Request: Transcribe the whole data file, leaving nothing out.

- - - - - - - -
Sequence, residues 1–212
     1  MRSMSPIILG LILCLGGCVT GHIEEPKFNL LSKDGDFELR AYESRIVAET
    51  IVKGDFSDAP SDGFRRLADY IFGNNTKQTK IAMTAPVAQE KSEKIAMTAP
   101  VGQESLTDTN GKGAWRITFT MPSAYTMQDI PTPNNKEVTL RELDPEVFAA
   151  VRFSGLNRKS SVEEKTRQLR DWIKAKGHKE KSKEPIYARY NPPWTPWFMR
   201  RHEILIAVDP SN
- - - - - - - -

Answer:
Sequence, residues 1–212
     1  MRSMSPIILG LILCLGGCVT GHIEEPKFNL LSKDGDFELR AYESRIVAET
    51  IVKGDFSDAP SDGFRRLADY IFGNNTKQTK IAMTAPVAQE KSEKIAMTAP
   101  VGQESLTDTN GKGAWRITFT MPSAYTMQDI PTPNNKEVTL RELDPEVFAA
   151  VRFSGLNRKS SVEEKTRQLR DWIKAKGHKE KSKEPIYARY NPPWTPWFMR
   201  RHEILIAVDP SN